The Sunni and Shi’a schism began as a dispute over political succession and eventually evolved into a theological one as well, not unlike the schism of 1054 between the Eastern and Western Churches.

Shi’as maintained that the right of succession for the leadership of the nascent Muslim community after the death of the Prophet Muhammad went to Ali, the cousin and son in-law of Muhammad, while Sunnis believed that the choice of Abu Bakr, father in-law and close confidant of Muhammad, and of the subsequent two caliphs or rulers was valid. When Ali was finally chosen as the fourth caliph or ruler, his rule was short-lived, and after his death his rival Muawiyyah quickly asserted his power and established Umayyad rule.

Many practices of the Umayyad dynasty, which had adopted a pattern of rule and succession that was starkly at odds with that of the Prophet Muhammad and the early caliphs, disturbed many Muslims, which led to a number of revolts by various groups. One of these revolts was led by Hussein, Ali’s son and the grandson of the Prophet Muhammad. When Hussein, who is revered by both Shi’as and Sunnis alike, was brutally killed along with many of his family members by the Umayyads at Karbala in Iraq, this crystallized the belief among supporters of Ali (Alids) that governance should have remained with the descendants of the Prophet Muhammad. Subsequent attempts to overthrow the Umayyads by another son of Ali and by others such as Abd ‘Allah ibn al-Zubayr, a grandson of the first caliph Abu Bakr, were unsuccessful until the Abbasid revolution in 750. While the Alids had supported the Abbasids, another branch of the Prophet’s family, believing that they would turn over rule to the Alid line, they were soon disappointed when the Abbasids claimed rule for themselves. In response, the Alids fomented a number of small and unsuccessful rebellions. Under increasing repression by the Abbasids, their political movement took on a more theological character.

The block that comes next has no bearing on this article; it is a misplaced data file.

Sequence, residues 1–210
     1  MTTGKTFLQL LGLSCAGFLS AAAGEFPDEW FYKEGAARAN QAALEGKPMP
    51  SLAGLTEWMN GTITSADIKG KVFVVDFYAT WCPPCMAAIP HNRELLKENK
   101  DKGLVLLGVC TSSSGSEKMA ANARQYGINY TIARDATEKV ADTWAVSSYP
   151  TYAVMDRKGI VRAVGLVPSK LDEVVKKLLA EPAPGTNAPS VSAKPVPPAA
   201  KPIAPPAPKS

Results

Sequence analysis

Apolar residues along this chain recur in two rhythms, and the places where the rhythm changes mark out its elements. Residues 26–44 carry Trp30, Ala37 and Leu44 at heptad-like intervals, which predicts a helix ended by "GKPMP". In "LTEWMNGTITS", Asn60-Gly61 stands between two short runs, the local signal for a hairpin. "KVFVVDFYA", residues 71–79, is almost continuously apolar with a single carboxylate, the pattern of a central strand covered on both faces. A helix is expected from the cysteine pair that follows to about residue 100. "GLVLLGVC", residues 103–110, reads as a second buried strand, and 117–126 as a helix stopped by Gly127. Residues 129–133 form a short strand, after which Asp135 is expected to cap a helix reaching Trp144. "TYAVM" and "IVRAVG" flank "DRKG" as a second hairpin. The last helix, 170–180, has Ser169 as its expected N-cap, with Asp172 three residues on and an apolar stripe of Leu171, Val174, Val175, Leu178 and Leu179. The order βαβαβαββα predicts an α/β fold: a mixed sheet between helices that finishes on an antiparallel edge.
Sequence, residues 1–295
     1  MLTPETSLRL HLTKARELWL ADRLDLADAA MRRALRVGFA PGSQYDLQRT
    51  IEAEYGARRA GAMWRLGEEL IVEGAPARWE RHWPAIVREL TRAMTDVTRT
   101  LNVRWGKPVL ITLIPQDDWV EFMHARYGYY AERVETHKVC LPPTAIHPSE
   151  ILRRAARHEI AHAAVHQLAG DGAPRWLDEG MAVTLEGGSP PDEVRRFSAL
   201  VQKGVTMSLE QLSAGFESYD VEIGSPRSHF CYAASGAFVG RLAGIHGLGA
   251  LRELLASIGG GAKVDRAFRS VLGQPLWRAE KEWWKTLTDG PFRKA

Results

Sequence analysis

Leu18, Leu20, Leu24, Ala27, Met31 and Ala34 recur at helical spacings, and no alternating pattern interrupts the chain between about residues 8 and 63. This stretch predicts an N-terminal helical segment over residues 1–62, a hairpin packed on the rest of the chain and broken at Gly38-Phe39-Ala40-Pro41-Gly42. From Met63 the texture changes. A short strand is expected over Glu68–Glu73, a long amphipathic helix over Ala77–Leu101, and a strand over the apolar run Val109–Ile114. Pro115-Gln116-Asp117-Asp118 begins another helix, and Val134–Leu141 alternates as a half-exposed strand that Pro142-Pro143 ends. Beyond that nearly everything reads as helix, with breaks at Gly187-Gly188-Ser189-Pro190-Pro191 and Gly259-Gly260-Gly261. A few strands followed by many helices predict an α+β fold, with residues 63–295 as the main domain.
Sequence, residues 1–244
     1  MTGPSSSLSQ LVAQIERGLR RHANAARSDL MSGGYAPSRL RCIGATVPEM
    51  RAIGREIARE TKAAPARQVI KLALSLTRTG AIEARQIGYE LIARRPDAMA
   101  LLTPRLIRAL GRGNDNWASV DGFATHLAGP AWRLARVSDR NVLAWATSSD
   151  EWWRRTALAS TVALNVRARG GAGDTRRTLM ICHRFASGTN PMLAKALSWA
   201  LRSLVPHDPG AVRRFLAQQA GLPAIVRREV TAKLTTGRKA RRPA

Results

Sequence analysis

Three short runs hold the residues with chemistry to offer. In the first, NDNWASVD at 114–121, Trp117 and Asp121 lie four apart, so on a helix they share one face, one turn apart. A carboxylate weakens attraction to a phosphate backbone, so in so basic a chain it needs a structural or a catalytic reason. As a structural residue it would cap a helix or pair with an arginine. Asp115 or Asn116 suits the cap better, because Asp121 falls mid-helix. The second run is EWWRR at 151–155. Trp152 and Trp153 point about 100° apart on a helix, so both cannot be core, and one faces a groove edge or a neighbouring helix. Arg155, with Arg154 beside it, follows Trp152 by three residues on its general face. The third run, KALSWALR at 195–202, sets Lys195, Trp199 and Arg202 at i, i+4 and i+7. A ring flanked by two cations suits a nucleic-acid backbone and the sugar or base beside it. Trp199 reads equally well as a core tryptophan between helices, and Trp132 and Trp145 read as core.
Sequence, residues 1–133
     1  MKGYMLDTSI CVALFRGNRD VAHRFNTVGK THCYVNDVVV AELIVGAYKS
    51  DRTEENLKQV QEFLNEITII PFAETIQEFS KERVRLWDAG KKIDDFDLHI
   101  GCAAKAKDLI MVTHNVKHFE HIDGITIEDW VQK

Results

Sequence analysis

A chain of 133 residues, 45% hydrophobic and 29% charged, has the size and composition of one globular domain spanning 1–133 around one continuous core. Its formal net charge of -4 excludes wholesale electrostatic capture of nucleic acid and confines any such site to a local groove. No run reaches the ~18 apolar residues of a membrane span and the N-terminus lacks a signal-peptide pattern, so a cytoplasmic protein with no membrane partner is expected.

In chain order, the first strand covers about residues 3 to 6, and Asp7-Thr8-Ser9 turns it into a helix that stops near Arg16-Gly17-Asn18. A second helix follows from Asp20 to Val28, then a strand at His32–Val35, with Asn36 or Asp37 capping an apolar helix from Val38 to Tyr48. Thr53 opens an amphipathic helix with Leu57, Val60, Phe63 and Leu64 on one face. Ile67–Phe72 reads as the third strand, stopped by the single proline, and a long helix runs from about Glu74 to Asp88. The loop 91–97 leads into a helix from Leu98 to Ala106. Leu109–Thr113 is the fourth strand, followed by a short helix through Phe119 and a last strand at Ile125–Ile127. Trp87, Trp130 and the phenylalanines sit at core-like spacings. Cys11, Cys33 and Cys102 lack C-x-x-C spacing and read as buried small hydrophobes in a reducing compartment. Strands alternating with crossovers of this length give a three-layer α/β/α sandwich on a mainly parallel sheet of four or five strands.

The term “Shi’at Ali,” or “the faction of Ali,” at some point became merely Shi’a while the term “Sunni” came to include those who agreed upon the validity of the rule of all of the first four caliphs. While today there are theological differences between these two major Islamic sects, they are in agreement on the cardinal points of faith and practice.

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